Reith Lectures by BBC Radio 4 (I spent hours listening to V.S. Ramachandran talk about   Neurology. Not only is his topic fascinating, but he has the most wonderful thick, Liam Neeson-esque accent that is just heavenly to listen to. Highly recommend.)

LSE Public Lectures and Events by the London School of Economics (because I like to keep abreast of random topics and different thought patterns)

 

 Short stories

A well written short story can be just the thing you need to get you through the afternoon haze. I started reading a collection by Georgette Heyer during NaNoWriMo to keep me sane and it was wonderful. Everything I love about Georgette Heyer delivered in twenty minutes or so. A delicious way to end the day.

 

Read quality children’s books

If you’re reading them, chances are you are reading them a lot. And with little variety. We have a lot of children’s books, but usually only two or three on rotation at a time. If the kids like a book, they will listen to it to death. I’ve always heard that kids’ books are hard to write, and now I know why. If you are writing for children, you are also writing for parents, and your words must stand the test of being read upwards of five times a day. Which is why Alison Lester and Mem Fox and Janet and Allan Ahlberg are so treasured in our house, because my husband and I are so happy to oblige when sticky little fingers present their works to us. The less enjoyable works are very quickly phased out of circulation. 

As a writer, there is a lot to be learnt from the well-written children’s book. It’s a little like poetry in that it must say a lot with very little, and that is an art-form well worth studying. Australian author and illustrator Kate Knapp from Twigseeds studio does this in the most divine way with her Ruby Red Shoes books, and yes, we’ve been reading them a lot lately!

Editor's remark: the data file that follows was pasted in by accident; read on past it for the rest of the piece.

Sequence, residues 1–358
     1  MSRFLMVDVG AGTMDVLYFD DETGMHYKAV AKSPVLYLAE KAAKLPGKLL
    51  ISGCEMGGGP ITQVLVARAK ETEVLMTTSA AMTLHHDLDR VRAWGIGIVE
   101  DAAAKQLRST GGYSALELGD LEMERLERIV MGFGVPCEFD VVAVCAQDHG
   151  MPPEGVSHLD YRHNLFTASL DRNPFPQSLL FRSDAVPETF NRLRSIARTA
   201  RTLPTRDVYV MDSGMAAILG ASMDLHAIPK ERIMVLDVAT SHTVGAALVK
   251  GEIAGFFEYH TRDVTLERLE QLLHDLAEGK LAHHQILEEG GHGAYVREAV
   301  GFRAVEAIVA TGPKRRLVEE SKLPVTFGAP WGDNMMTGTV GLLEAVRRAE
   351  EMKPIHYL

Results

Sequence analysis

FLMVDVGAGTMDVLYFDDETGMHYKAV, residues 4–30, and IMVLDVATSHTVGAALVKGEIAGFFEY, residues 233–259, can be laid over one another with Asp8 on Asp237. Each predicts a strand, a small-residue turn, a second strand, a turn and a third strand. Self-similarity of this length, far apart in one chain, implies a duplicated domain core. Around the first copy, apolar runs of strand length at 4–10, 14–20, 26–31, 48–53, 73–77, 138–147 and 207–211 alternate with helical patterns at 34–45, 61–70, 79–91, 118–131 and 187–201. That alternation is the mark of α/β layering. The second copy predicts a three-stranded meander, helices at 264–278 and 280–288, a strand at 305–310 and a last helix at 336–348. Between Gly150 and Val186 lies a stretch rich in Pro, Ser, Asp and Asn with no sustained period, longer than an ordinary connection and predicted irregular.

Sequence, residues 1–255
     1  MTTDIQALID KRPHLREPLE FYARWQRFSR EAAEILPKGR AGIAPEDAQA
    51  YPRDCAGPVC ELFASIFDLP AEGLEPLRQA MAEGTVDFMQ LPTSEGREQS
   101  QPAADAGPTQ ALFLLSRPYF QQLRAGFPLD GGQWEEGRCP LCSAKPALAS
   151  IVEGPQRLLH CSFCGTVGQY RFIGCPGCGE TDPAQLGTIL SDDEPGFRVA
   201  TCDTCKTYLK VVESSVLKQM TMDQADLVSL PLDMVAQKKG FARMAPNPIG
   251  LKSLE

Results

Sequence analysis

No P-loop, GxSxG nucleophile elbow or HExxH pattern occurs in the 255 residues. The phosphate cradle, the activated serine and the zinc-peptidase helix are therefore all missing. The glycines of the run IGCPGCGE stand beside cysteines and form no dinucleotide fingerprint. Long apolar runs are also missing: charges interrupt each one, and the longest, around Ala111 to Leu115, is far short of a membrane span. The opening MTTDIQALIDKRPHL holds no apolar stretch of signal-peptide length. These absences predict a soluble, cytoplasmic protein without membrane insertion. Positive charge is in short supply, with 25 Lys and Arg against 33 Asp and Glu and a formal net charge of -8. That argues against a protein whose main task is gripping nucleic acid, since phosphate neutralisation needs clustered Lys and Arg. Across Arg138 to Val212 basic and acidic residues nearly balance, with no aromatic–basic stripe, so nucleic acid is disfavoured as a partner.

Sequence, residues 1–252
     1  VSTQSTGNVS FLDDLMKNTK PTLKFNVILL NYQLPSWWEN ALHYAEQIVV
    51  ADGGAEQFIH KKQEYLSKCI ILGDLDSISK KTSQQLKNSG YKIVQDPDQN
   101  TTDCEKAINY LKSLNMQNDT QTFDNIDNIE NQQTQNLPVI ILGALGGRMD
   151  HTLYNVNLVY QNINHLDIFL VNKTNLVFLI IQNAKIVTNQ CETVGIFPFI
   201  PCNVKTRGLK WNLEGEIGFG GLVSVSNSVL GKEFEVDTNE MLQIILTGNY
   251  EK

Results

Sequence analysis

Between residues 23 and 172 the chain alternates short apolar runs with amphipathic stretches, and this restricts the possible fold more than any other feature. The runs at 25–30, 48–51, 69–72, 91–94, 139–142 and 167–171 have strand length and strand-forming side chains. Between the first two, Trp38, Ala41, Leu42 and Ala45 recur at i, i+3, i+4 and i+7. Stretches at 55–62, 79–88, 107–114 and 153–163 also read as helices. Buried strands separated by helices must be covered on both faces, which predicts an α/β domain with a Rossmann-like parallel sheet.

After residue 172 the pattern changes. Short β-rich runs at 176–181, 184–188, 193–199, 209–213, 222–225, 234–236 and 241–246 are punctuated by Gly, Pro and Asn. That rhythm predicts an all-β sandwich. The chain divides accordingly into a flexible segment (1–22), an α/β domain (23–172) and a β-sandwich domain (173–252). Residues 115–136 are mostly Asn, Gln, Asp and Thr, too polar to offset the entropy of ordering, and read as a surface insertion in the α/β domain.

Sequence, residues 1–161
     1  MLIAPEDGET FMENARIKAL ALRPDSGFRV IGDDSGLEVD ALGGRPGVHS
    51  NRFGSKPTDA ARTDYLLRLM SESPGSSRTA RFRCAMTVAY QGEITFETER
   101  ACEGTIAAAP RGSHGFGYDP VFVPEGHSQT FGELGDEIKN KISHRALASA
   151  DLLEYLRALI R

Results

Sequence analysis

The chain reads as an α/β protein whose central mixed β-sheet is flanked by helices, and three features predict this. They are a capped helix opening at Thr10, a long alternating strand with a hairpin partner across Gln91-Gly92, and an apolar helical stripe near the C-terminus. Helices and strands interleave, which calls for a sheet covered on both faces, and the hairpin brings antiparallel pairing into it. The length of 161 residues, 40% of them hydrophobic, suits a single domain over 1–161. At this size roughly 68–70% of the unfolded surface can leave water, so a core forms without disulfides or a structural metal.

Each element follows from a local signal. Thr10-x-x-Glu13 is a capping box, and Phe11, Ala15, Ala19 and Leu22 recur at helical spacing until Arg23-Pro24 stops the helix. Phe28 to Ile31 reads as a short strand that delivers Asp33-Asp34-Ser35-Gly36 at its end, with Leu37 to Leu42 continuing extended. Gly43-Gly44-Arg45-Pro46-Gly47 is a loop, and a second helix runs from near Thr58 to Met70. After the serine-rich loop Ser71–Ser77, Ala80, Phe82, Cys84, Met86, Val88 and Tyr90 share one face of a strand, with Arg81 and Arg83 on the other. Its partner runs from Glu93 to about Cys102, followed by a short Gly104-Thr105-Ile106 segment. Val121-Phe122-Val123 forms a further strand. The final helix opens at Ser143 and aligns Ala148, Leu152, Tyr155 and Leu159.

Take your kids to the book shop

I must admit, when my children started to walk, I thought my bookshop browsing days were about to take a serious hiatus (which would have possibly devastated the national economy), but our local bookshop is magnificent. They are so welcoming to me and my girls. They have a toy basket set up in the middle of the kids’ book section, little chairs to entice them into with their captured books or toys and are very encouraging when the girls want to be read to. If none of the staff are available to read to her, and I am taking too long browsing, my eldest is quite happy to prowl the aisles and unleash her big, green eyes and messy curls on unsuspecting patrons until someone is secured to her service. But it means I get a break. Five minutes to cast my eye over new works on the shelves, or to touch base with old favourites. A dip into a work of literary advice or a peek behind an unfamiliar cover. And is there anything better than carrying away a paper bag containing a new book promising information and adventures untold? The anticipation of settling down to that story is almost as good as reading the first page and feeling that sense of delighted immersion as you retreat into another world.